Sunday, 20 July 2014

"In My Own Time" by KAREN DALTON (2006 Light In The Attic CD Remasters) - A Review by Mark Barry...




"…Any Way You Made It Was Just Fine…"

Some artists carry the weight of legend – voice, talent, mercurial – segueing immediately into drugs, heartbreak and destruction. They shone brightly for a while and then imploded – forgotten now – except by the few who were around the flames at the time. Karen Dalton is one of those artists. And this astonishing Light in The Attic Records reissue is determined to rectify that crappy oversight…

US released November 2006 – "In My Own Time" by KAREN DALTON on Light In The Attic Records LITA 022 (Barcode 826853002226) is a straightforward 10-track CD reissue of her second and last vinyl album and plays out as follows (34:35 minutes):

1. Something On Your Mind
2. When A Man Loves A Woman
3. In My Own Dream
4. Katie Cruel
5. How Sweet It Is (To Be Loved By You)
6. In A Station [Side 2]
7. Take Me
8. Same Old Man
9. One Night Of Love
10. Are You Leaving For The Country
Tracks 1 to 10 are her 2nd and last studio album "In My Own Time" - originally released May 1971 on Paramount Records PAS 6008 in the USA and June 1971 in the UK on Paramount SPFL 271 (it didn't chart in either country). 

Guest musicians included pianists Richard Bell and John Simon, Steel Player Bill Keith with Amos Garrett and John Hall adding Guitars. The CD is housed in a gatefold card sleeve and having loved the Kris Kristofferson, Rodriguez and Michael Chapman reissues on LITA – the lavish booklet on this beauty is no different. It's a joy to look at featuring contributions from fans like Lenny Kaye, Nick Cave and Devendra Banhart.

The album’s short 10 tracks are entirely cover versions and give full reign to her utterly unique guttural voice and sloppy-as The Rolling Stones interpretations of them. Dalton had a Billie Holiday 'gargling gravel for breakfast' kind of beauty when she sang – like she was about to collapse any second – a sort of Bette Midler drunk at the microphone with laryngitis (you get the audio picture).

It opens with a Dino Valente original (not on his lone 1968 Epic LP) called "Something On Your Mind" – a ballad that aches in the loveliest of ways. And of course you're then that hit with that voice – wow! It's followed by Percy Sledge's "When A Man Loves A Woman" which you would think would work but it’s a tad forced and my least favourite take on here. Better is her cut of Paul Butterfield's "In My Own Dream" (from his 1968 LP of the same name) that takes the original and adds on sweet pedal steel languidness to it (very cool). We enter Americana banjo territory on the gorgeous Traditional of "Katie Cruel". It's the kind of song that raises chills (people have even featured in You Tube for just that reason) and LITA actually issued it as a limited edition 45" in the States. Side 1 ends with an upbeat version of Marvin Gaye's "How Sweet It Is (To Be Loved By You)" - a Holland-Dozier-Holland classic - but it's good rather than being great.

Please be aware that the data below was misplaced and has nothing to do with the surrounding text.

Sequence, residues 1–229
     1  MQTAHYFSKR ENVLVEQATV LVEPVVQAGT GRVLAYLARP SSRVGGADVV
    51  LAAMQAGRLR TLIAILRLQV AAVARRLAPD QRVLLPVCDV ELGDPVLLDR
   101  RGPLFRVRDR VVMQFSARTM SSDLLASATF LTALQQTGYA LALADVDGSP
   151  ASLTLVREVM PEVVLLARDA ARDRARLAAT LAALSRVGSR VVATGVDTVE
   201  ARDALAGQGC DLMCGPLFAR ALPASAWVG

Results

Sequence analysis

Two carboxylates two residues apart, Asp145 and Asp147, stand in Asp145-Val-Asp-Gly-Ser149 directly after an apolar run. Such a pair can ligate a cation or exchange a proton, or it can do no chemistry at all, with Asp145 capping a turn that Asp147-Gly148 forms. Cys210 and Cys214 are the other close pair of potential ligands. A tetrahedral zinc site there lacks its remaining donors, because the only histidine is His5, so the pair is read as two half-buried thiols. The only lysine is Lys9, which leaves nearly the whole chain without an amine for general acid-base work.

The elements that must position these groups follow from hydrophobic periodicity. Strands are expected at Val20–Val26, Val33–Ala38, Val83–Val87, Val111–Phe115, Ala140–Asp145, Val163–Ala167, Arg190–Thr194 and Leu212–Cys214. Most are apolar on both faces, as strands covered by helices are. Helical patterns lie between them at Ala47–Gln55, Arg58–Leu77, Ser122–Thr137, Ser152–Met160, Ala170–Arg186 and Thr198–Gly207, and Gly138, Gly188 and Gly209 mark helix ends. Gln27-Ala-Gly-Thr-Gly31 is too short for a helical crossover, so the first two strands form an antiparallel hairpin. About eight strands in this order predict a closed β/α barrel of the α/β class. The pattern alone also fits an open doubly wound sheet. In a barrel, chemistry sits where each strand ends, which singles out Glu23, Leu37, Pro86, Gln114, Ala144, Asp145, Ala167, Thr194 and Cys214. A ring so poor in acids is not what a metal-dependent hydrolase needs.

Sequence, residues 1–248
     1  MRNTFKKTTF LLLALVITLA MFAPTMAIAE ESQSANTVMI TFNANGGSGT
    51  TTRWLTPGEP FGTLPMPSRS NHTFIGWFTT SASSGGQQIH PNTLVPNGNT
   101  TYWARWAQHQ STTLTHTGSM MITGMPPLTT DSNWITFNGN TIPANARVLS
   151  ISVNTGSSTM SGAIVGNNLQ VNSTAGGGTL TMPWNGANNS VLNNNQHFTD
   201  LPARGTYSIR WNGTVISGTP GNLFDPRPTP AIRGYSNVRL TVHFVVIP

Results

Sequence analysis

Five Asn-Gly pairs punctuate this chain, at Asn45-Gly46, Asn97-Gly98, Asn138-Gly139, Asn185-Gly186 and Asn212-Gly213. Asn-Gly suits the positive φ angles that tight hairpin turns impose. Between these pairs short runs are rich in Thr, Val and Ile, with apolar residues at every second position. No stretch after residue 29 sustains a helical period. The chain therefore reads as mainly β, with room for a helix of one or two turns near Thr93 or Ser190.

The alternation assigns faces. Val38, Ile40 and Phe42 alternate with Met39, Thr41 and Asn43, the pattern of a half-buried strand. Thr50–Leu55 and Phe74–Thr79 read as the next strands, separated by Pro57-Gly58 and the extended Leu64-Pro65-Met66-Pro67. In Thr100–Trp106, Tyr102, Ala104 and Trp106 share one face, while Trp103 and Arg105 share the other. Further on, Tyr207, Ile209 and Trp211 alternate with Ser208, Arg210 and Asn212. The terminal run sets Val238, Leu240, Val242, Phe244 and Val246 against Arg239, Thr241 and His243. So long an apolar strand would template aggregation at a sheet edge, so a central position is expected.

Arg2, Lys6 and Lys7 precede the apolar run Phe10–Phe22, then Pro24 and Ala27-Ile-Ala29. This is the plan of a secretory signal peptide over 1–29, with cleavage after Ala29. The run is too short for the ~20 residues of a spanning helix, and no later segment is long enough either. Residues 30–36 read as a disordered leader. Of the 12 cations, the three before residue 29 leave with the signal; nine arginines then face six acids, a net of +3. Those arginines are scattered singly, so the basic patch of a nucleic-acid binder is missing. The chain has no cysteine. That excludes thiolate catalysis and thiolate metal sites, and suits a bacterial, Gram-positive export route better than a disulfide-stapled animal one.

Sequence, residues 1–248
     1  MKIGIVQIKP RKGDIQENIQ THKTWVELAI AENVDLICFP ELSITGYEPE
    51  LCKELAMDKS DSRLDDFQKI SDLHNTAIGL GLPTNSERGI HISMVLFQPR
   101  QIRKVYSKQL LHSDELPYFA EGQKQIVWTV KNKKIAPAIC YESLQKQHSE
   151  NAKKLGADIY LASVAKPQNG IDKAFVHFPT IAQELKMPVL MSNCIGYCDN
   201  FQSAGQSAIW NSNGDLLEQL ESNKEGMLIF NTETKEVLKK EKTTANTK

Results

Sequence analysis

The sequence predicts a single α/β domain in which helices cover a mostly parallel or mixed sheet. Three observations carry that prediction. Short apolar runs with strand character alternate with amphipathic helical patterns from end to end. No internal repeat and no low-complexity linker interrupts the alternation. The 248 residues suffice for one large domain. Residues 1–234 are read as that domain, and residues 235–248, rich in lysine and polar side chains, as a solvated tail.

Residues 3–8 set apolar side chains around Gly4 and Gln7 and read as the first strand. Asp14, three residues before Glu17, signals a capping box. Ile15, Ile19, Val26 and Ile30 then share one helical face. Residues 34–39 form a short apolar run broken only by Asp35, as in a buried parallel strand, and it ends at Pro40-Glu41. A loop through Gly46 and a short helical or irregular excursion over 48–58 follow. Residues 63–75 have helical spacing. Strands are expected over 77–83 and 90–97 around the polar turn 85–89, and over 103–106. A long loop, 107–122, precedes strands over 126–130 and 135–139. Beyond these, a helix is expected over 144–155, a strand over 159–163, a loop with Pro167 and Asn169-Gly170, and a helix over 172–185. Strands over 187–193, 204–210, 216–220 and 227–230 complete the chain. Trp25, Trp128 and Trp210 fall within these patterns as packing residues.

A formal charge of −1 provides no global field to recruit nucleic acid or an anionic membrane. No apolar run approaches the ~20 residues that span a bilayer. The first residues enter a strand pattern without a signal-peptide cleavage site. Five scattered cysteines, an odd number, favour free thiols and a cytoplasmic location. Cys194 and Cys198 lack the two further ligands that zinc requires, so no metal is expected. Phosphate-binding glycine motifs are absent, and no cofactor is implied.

Side 2 kicks off with a winner - "In A Station" - a Richard Manuel song from The Band's brilliant 1968 debut album "Music From Big Pink". It somehow makes the song warmer whilst still retaining that reminiscing-beauty it always had ("...wonder could you ever know me…"). She goes country with George Jones' "Take Me" – a fabulous smoocher – and again with that pedal-steel ache and a gripping vocal. We return to Banjo for "Same Old Man" while Joe Tate's "One Night Of Love" gets a bit of funky guitar and rolling piano. It ends on my all time fave – "Are You Leaving For The Country" by Robert Tucker – a song I've placed on CD-R compilations which have had people regularly ask – who the hell is this!

I love the way 'Light In The Attic' go the full-throated whole hog on their reissues – gorgeous fat booklets – original tapes remastered – and a pride in their release that oozes out of every nook and cranny. The album itself isn’t all genius by any means and five-star ravings are probably a little over the top – but (and this is the big but) – there is genuine magic on here and so much that screams out to be rediscovered (I can count on one hand the number of times I've seen a UK pressing on Paramount Records across 45 years of collecting).

Her only other studio LP was her debut "It's So Hard To Tell Who's Going To Love You The Best" on Capitol Records ST-271 in 1969. Harvey Brooks (featured bassist on Dylan's "Highway 61 Revisited" and Miles Davis' "Bitches Brew") produced the record - which also boasted liner notes by New York Village folk-hero Fred Neil - author of "Dolphins” and Midnight Cowboy's closing theme song "Everybody's Talkin’” sung in the film by Nilsson.

Karen Dalton died in 1993 after years of drug-related problems aged 55 – largely forgotten and massively under-appreciated. Well this superlative LITA reissue does her voice, talent and magic justice at last. Beautifully dishevelled and then some...

PS: A 2009 LITA reissue offers a 4-track bonus CD with alternate takes of Something On Your Mind, In My Own Dream. Katie Cruel and Are You Leaving for The Country

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